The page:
A kiln is a versatile piece of equipment in a studio whether you want it for ceramics, glass or metal clay. However, the prices can range for more than $300 for a small table top variety to thousands of dollars for large capacity kilns. In most cases, you'll be limited to electric as the heating option. Because it heats cleanly and efficiently, propane can be a cost-effective option for a kin.
Choosing a Location
Since most propane kilns are fixed in place, choose a permanent location. For example, choose a location that is well ventilated to avoid accumulation of fumes and smoke.
Choose an area that will tolerate high temperatures well with adequate clearance on all sides. You should be able to walk comfortable around all sides and access the door or lid easily. Although the outside of the kiln stays fairly cool, the kiln should be away from all flammable objects.
Check on local building codes and permits before you start building.
Assembling the Oven
If you can weld, assemble an angle iron frame for the size kiln that you want. You can also check with your local community college or trade school for a list of welders willing to do small projects. Once you have your frame, position it in the area that you'll be building your kiln.
Lay the layer of concrete block for the base of the kiln.
Cover the concrete block base with the patio stones.
Soak the bricks with water as you work so they don't dry the mortar too quickly. Drill a 1/2-inch hole in one brick to insert the thermocouple. Drill openings or cut the end of of 2 bricks for the propane burners. The bricks for the burners should be placed near the bottom of the kiln at opposite ends. Consider ease of access when placing the bricks.
Lay the bricks on the base applying a thin coat of mortar as you work. Cut the bricks to fit.
Build up the walls with the firebricks and mortar. The corners should fit against the frame.
Place the sheet metal arch on top of the walls with the edge extending slightly so that you can take it out after the bricks are laid. Cut 1/3 off the end of one brick for ventilation.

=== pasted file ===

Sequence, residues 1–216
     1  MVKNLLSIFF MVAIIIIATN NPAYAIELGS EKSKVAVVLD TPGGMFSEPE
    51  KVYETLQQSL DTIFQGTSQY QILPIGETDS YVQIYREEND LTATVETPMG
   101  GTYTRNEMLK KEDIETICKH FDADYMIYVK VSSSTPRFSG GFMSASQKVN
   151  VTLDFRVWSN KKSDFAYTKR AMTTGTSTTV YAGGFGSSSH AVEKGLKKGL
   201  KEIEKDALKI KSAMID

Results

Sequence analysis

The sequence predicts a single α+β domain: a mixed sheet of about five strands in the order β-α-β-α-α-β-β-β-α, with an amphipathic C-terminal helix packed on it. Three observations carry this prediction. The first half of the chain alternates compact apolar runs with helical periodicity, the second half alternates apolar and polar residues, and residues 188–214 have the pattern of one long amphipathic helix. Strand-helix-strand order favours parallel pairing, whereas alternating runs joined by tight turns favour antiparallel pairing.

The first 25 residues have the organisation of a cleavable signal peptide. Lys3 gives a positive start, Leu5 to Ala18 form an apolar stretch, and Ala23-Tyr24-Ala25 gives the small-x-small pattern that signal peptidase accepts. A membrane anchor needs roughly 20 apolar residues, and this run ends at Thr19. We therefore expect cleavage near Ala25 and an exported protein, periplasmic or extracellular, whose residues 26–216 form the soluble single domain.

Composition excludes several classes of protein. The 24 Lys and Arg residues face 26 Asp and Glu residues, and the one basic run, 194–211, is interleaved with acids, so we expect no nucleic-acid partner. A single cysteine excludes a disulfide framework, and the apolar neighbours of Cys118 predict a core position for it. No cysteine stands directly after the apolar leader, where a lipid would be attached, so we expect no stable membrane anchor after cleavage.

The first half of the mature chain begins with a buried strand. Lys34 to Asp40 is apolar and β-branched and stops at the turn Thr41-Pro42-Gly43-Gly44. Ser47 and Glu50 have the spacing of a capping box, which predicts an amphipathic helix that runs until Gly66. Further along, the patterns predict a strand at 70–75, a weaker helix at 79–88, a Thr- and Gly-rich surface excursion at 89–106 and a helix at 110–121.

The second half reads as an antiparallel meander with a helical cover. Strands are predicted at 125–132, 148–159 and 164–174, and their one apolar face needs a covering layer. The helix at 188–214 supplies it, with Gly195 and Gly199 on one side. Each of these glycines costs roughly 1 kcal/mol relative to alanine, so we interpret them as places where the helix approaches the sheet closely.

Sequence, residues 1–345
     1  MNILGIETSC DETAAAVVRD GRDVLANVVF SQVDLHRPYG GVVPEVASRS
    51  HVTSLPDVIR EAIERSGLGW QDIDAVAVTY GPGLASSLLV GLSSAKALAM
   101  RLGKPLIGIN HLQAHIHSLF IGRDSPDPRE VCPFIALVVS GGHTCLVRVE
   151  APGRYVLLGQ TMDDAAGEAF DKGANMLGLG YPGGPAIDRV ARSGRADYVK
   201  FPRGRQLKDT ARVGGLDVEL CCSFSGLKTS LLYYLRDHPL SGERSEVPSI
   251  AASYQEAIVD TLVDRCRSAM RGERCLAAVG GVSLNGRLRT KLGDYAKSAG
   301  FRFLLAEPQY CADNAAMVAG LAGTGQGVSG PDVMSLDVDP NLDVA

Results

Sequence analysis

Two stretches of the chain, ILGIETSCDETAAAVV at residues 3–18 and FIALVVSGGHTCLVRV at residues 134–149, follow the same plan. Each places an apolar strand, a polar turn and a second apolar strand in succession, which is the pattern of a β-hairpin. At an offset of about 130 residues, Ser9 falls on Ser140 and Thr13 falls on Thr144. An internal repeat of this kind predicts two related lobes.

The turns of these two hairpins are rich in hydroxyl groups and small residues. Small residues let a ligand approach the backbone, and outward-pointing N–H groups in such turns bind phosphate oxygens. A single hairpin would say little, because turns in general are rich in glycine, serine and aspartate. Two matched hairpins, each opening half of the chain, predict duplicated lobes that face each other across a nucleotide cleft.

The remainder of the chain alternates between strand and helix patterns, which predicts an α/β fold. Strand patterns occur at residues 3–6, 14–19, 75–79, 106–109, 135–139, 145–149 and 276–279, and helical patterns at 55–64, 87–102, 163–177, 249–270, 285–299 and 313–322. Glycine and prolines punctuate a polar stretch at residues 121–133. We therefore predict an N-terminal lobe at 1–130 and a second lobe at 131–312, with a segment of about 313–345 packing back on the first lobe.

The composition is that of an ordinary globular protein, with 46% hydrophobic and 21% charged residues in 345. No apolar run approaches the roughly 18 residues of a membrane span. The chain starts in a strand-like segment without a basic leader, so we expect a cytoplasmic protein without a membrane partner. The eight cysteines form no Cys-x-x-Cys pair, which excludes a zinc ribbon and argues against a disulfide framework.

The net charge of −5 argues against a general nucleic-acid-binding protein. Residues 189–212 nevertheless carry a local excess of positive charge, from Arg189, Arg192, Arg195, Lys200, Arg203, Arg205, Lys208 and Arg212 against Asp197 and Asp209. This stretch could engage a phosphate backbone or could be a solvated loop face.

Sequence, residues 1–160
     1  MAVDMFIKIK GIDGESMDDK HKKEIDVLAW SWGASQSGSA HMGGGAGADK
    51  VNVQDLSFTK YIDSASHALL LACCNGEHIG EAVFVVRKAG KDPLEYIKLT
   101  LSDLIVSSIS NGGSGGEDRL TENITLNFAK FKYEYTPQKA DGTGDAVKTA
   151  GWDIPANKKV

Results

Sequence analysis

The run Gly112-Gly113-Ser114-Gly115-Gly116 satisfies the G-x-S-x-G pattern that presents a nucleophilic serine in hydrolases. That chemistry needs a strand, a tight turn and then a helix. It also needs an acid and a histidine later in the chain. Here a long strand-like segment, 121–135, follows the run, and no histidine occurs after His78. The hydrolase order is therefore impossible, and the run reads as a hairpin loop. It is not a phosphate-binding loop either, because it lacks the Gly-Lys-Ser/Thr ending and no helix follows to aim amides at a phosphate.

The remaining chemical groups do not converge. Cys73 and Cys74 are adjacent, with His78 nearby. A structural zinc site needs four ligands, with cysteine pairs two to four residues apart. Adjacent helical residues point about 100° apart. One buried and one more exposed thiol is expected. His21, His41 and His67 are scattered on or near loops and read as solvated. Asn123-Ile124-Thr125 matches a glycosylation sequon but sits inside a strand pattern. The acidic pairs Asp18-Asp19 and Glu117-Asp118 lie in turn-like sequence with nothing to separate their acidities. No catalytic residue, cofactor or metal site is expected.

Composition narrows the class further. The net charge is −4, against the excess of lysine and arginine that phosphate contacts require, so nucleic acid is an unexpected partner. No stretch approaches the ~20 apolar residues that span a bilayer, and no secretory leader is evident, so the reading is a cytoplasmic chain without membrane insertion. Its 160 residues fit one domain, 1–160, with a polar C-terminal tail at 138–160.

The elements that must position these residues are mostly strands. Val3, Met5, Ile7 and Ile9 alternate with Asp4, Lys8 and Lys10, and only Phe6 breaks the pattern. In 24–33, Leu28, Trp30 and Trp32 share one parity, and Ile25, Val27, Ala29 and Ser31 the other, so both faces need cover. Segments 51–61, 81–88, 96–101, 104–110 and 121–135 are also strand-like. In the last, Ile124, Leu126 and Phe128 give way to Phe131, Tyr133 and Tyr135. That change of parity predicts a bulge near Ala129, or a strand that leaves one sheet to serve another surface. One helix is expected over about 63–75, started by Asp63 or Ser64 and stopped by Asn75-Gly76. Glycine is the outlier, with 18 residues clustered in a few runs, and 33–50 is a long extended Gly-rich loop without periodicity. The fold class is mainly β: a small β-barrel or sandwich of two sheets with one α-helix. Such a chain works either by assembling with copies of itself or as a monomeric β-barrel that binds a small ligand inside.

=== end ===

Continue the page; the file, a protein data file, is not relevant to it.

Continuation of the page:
Start laying the firebricks at the edge and work toward the middle. When you are finished, carefully work the sheet metal arch out from under the bricks. The weight of the bricks wll hold the roof steady.
Attach the hings for the door to the kiln. Assemble the door with firebricks and then attach it to the kiln.
Connecting the Propane
If you have propane in your home, you can tap into that with the aid of the professional at your propane supply company or you can use a separate portable tank.
Fit the burners into the pre-cut openings so that they are secure.
Follow manufacturer's directions to attach the burner's to the copper pipe and shut off the valve.
Use the T-valve to direct the propane to the separate burners.
Insert the thermocouple into the small drilled hole and enjoy your new kiln.
Things You'll Need
- Pre-built angle iron frame including a separate frame for the door
- Enough concrete blocks to form the base of the kiln
- Patio blocks to cover the block base
- Fire bricks (multiply the number you'll need for one wall by five)
- Sheet metal in the form of an arch for the roof form
- Fireclay mortar
- Brick saw
- Electric drill and bits
- Thermostat and thermocouple
- Two propane burners
- Copper tubing
- Shut off valve
- Propane source
It will take several firings to adjust the timing and temperature of your kiln. Keep a careful log of the information and use firing cones.
When working with propane, observe all safety warnings. Consider having a professional install the heating system or have it inspected after you install it. Periodically, check your propane system for leaks.
- It will take several firings to adjust the timing and temperature of your kiln. Keep a careful log of the information and use firing cones.
- When working with propane, observe all safety warnings. Consider having a professional install the heating system or have it inspected after you install it. Periodically, check your propane system for leaks.
Catherine Rayburn-Trobaugh has been a writer and college writing professor since 1992. She has written for international companies, published numerous feature articles in the "Wilmington News-Journal," and won writing contests for her poetry and fiction. Rayburn-Trobaugh earned a Master of Arts in English from Wright State University.